- Opens: Monday 17 February 2020
- Number of places: 1
- Duration: 36 Months
OverviewHelminth, parasite, drug therapy Cellular Basis of Disease
Biological science degree essential, experience in infectious disease desirable
Helminths infect at least a quarter of the world’s population. Leishmaniasis is a protozoan disease responsible for causing different types of diseases and the World Health Organisation estimates that 350 million people are at risk of infection. New drugs for the treatment of leishmaniasis are required as parasite resistance is limiting the number of drugs available for clinical use and multiple-drug treatment regimens appear to be the only way to avoid treatment failure. The United Nations estimates 33% of children from developing countries are stunted in comparison to well-nourished children. Underweight children are at greater risk of dying during childhood and may not achieve their full potential in education and physical performance. Studies show that children’s growth can be improved by mass treatment with broad-spectrum anthelminthic drugs in populations with a high prevalence of helminth infections. There is very little new drug discovery against helminths (Pharmaprojects database). Small molecule anthelmintics are the primary means of nematode parasite control in animals; however, widespread resistance to currently available drugs means control will be impossible without new compounds. Discovery of new anthelmintic drugs in particular has been a serious challenge due to the difficulty of obtaining and culturing target parasites for high-throughput screens and the lack of genomic techniques to validate potential drug targets in these pathogens.
In this project a novel high throughput screen will be used to identify new drugs for the treatment of leishmaniasis or nematode infection. Compounds will be screened against different species of Leishmania using the intracellular amastigote stage, IVIS® imaging and luciferase-expressing parasites. A novel assay system will be determined for nematode parasites. Once active compounds have been identified in vivo efficacy will be determined using a non-invasive route of administration e.g. oral or inhalation. The overall aim is to identify active compounds which can be developed into new drugs.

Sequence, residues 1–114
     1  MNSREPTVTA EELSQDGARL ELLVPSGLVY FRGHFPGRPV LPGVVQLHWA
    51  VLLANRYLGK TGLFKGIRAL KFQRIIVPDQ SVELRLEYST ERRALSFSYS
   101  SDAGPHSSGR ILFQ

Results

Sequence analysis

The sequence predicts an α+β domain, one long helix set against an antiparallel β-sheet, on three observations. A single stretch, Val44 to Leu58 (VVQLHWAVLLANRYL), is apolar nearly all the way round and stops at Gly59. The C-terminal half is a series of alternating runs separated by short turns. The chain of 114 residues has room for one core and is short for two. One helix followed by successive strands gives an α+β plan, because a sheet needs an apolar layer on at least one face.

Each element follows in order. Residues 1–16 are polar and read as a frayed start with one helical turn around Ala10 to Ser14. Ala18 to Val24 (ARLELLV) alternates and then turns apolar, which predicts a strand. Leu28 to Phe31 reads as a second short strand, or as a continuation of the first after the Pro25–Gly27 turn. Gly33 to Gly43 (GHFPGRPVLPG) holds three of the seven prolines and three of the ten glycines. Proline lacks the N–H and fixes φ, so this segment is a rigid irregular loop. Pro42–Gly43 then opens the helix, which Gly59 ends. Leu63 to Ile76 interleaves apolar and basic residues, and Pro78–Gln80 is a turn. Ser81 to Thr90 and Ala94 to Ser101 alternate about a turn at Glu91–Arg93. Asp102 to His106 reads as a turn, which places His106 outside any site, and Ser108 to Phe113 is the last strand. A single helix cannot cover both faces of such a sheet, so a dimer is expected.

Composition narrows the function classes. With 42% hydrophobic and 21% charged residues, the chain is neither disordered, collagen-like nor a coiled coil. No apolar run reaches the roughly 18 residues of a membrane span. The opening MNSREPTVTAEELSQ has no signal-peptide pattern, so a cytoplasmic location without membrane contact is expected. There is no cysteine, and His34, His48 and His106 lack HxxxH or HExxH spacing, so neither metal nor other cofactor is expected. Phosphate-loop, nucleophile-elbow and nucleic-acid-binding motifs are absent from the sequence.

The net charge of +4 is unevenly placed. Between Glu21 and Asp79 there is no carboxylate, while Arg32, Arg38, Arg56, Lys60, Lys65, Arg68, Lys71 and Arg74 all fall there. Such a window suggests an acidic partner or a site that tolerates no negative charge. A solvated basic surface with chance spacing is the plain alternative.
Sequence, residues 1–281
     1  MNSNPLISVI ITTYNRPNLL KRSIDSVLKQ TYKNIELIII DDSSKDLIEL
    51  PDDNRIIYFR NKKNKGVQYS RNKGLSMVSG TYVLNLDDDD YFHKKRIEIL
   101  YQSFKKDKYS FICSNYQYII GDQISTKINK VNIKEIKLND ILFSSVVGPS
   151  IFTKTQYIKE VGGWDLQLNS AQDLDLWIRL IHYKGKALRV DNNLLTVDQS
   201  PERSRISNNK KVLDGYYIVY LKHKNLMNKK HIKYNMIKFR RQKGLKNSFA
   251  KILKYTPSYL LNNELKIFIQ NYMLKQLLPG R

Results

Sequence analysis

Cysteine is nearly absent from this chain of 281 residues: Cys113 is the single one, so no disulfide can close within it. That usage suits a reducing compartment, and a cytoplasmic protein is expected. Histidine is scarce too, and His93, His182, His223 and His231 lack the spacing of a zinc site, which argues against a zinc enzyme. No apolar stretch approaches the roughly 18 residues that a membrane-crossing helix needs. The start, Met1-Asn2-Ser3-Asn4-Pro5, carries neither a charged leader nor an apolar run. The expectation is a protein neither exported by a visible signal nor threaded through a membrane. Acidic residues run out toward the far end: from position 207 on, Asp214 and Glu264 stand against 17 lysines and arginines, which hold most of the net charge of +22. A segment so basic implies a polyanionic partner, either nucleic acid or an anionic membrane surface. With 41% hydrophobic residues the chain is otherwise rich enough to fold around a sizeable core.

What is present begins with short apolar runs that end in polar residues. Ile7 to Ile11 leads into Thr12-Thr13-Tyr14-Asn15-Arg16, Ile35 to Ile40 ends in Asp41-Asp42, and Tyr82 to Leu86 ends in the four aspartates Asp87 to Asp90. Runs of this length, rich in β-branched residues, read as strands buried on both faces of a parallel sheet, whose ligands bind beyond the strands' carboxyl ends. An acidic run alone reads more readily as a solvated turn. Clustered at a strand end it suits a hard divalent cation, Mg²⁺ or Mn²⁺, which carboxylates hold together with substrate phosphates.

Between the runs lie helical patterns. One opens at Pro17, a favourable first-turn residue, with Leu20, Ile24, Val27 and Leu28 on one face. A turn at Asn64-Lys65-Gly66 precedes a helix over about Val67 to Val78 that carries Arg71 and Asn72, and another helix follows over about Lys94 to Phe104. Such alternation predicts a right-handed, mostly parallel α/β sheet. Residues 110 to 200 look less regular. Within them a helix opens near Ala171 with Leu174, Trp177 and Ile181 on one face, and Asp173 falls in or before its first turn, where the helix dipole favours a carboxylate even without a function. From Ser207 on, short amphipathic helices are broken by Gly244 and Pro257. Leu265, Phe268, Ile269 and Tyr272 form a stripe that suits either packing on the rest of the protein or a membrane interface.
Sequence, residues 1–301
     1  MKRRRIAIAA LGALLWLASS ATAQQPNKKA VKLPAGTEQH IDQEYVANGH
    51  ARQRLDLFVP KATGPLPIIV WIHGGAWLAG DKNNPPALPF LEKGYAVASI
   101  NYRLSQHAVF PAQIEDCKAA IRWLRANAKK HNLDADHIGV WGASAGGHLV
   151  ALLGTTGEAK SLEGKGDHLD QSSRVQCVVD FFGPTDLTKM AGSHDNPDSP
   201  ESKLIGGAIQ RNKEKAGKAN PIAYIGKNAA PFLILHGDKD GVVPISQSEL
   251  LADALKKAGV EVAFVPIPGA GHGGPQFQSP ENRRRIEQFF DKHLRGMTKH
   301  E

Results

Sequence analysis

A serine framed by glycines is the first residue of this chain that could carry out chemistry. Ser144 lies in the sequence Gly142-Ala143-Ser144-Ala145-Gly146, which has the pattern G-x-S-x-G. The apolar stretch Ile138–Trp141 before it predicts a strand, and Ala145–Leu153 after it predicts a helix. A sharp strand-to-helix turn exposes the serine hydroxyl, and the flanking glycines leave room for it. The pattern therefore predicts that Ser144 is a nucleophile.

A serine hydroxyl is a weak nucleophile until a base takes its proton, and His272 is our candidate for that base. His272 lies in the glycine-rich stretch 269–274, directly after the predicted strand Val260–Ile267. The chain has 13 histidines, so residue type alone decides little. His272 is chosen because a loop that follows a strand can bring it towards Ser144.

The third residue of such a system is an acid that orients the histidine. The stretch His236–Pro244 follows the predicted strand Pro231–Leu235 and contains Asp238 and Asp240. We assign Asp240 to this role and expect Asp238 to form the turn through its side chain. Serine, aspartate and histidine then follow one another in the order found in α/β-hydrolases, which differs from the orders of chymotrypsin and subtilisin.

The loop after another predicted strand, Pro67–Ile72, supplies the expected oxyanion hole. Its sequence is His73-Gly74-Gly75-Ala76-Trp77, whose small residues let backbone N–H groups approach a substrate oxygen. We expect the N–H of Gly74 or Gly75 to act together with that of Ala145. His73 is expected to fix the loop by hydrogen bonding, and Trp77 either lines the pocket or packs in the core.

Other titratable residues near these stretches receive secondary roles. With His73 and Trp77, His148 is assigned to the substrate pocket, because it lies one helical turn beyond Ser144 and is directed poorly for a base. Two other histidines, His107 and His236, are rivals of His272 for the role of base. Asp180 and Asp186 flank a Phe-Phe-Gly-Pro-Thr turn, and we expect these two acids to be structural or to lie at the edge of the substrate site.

Histology, ELISA, tissue culture, in vivo biology, FACS, confocal microscopy, 2 photon microscopy, IVIS, parasitology
Balasegaram M, Ritmeijer K, Lima MA, Burza S, Ortiz Genovese G, Milani B, Gaspani S, Potet J, Chappuis F. Liposomal amphotericin B as a treatment for human leishmaniasis. Expert Opin Emerg Drugs. 2012 17:493-510
Geurden T, Chartier C, Fanke J, di Regalbono AF, Traversa D, von Samson-Himmelstjerna G, Demeler J, Vanimisetti HB, Bartram DJ, Denwood MJ. Anthelmintic resistance to ivermectin and moxidectin in gastrointestinal nematodes of cattle in Europe. Int J Parasitol Drugs Drug Resist. 20155:163-71.
Alvar J1, Vélez ID, Bern C, Herrero M, Desjeux P, Cano J, Jannin J, den Boer M; WHO Leishmaniasis Control Team. Leishmaniasis worldwide and global estimates of its incidence. PLoS One. 2012 7:e35671.
Alsaadi M1, Italia JL, Mullen AB, Ravi Kumar MN, Candlish AA, Williams RA, Shaw CD, Al Gawhari F, Coombs GH, Wiese M, Thomson AH, Puig-Sellart M, Wallace J, Sharp A, Wheeler L, Warn P, Carter KC. The efficacy of aerosol treatment with non-ionic surfactant vesicles containing amphotericin B in rodent models of leishmaniasis and pulmonary aspergillosis infection. J Control Release. 2012 160:685-91.
Applicant will need to self-fund, find sponsorship for tuition and bench fees of £12,000 per annum for duration of studies
Applicants can apply using the University PEGASUS Application System https://www.strath.ac.uk/science/strathclydeinstituteofpharmacybiomedicalsciences/studywithus-postgraduate/phd/
This project is also suitable for PhD Plus https://www.strath.ac.uk/science/strathclydeinstituteofpharmacybiomedicalsciences/studywithus-postgraduate/phdplus/